The Modernist Party

Edited by Kate McLoughlin

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Leading international scholars illuminate the party’s significance in Modernism

In 12 chapters internationally distinguished scholars explore the party both as a literary device and as a forum for developing modernist creative values, opening up new perspectives on materiality, the everyday and concepts of space, place and time. There are chapters on Conrad and domestic parties, T S Eliot’s ‘Prufrock’, the party vector in Joyce’s ‘The Dead’ and Finnegans Wake, Katherine Mansfield’s party stories, Virginia Woolf’s idea of a party, the textual parties of Proust, Ford Madox Ford and Aldous Huxley and the real-life parties of Sylvia Beach, Adrienne Monnier, Natalie Barney and Gertrude Stein, the black ‘after-party’ of the Harlem Renaissance and the parties in extremis in D H Lawrence’s Women in Love.

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A Note of Thanks
The Guest-List
Introduction: A Welcome from the Host, Kate McLoughlin
‘It was indeed a quiet dinner’: Domestic Parties in the Work of Joseph Conrad, Susan Jones
Prufrock, Party-Goer: Tongue-Tied at Tea, Kate McLoughlin
Party Joyce: from the ‘Dead’ to when we ‘Wake’, Jean-Michel Rabaté
‘Looking at the party with you’: Pivotal Moments in Katherine Mansfield’s Party Stories, Angela Smith
Virginia Woolf’s Idea of a Party, Bryony Randall
Proustian Peristalsis: Parties Before, During and After, David R. Ellison
‘Ezra through the open door’: The Parties of Natalie Barney, Adrienne Monnier and Sylvia Beach as Lesbian Modernist Cultural Production, Joanne Winning
‘Indeed everybody did come’: Parties, Publicity and Intimacy in Gertrude Stein’s Plays, Alex Goody
The Interracial Party of Modernist Primitivism and the Black ‘After-Party’, Margo Natalie Crawford
The Party In Extremis in D. H. Lawrence’s Women in Love, Margot Norris
Bohemian Retrospects: Ford Madox Ford, Post-War Memory and the Cabaret Theatre Club, Nathan Waddell
‘Pleasure too often repeated’: Aldous Huxley’s Modernity, Morag Shiach
Even the most cursory of glances over its contents reveals a substantial critical investment, on the part of editor...The volume certainly breaks new ground in the fields of material cultures, modernist networking, and space and place studies.
Charlotte Charteris, Cambridge Quarterly Review, Vol. 43, no 2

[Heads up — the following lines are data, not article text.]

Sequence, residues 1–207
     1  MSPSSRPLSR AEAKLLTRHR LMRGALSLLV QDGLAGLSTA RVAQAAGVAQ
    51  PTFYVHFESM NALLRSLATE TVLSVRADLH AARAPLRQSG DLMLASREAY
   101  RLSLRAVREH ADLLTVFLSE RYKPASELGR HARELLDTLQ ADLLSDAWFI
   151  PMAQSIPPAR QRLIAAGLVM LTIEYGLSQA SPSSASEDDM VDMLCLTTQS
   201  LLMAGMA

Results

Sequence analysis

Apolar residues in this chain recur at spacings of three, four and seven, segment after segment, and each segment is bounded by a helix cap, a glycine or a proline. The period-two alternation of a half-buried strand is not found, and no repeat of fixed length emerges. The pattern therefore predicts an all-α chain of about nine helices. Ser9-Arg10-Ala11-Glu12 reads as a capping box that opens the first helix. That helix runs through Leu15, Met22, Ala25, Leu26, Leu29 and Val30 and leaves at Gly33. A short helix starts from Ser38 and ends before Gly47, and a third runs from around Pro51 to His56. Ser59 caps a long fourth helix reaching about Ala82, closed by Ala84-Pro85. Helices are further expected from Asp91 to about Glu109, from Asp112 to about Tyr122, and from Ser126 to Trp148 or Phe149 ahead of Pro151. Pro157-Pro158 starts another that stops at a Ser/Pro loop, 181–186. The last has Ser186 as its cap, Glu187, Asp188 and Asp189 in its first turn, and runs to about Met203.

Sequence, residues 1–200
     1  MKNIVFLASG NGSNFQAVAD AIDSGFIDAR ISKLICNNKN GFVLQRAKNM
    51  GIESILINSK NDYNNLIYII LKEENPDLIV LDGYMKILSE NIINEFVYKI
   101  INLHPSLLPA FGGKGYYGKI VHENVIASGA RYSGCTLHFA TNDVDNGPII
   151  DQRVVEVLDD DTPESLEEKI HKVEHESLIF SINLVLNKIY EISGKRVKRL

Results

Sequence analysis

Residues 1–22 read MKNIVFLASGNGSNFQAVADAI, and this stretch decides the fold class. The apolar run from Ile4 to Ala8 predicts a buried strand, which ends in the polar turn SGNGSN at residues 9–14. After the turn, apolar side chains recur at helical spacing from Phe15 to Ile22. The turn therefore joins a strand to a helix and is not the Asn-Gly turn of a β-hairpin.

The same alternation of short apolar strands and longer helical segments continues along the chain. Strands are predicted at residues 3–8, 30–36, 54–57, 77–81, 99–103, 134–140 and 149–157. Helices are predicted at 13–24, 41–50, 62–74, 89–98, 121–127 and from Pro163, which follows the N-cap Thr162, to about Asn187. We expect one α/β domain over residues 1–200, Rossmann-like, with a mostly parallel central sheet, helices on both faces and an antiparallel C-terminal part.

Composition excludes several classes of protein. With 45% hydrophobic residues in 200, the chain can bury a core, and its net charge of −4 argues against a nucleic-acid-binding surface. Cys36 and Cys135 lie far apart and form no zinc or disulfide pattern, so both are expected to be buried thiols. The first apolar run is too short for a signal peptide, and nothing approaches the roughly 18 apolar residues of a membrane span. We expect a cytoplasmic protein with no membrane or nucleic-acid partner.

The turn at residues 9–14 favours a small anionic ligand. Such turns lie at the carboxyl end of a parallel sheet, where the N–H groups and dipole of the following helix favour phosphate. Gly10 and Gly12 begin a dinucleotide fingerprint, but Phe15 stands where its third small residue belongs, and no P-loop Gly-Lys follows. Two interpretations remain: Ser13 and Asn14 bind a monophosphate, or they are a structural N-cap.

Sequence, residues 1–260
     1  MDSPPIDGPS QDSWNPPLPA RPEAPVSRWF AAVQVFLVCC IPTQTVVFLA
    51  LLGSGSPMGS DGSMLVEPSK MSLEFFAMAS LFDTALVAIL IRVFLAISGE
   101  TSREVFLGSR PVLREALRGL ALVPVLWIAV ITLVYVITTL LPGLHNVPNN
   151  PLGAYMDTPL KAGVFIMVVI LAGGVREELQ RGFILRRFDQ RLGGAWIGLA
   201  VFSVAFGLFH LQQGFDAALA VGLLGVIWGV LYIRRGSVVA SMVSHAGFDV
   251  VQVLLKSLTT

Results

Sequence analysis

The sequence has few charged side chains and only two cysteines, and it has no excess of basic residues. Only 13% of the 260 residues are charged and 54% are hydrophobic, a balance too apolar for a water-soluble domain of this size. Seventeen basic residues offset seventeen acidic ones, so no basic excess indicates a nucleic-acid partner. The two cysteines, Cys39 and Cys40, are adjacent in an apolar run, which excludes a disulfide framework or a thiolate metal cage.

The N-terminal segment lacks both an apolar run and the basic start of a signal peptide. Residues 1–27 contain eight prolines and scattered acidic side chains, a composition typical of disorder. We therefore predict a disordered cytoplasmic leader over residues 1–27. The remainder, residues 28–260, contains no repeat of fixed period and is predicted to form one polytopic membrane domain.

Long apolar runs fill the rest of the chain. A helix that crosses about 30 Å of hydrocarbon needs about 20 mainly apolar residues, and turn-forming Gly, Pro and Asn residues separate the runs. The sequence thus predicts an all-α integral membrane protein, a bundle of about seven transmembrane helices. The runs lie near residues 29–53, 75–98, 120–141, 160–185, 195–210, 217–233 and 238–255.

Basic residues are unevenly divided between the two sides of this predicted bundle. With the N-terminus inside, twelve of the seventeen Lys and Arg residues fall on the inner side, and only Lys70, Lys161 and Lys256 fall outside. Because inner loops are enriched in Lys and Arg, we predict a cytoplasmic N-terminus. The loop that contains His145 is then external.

This is terrific scholarship; it is stimulating, productive, and fun; and it suggests opportunities for many new and engaging approaches.
Victoria Kuttainen, James Joyce Quarterly, Volume 51, Number 1
We read [the] text with the conviction that the writer or editor has a tale to tell, and a reason to tell this tale, which lends each text in turn a zestiness and a reason to read on. And in a critical space that is already crowded with texts tussling for our attention, this is a welcome surprise.
Tara Stubbs, University of Oxford, Journal of American Studies / Volume 49 / Issue 03
‘I really like the idea of treating the party as a site of modernist invention and contention.’Sean Latham, University of Tulsa‘Intriguing. There should be more fun in Modernist Studies.’David Trotter, University of Cambridge
Sean Latham, University of Tulsa; David Trotter, University of Cambridge
‘I really like the idea of treating the party as a site of modernist invention and contention.’Sean Latham, University of Tulsa‘Intriguing. There should be more fun in Modernist Studies.’David Trotter, University of Cambridge
Sean Latham, University of Tulsa; David Trotter, University of Cambridge
Kate McLoughlin is an Associate Professor of English Literature at the University of Oxford. She is the author of Authoring War: The Literary Representation of War from the Iliad to Iraq (2011) and Martha Gellhorn: The War Writer in the Field and in the Text (2007) and the editor of The Cambridge Companion to War Writing (2009).

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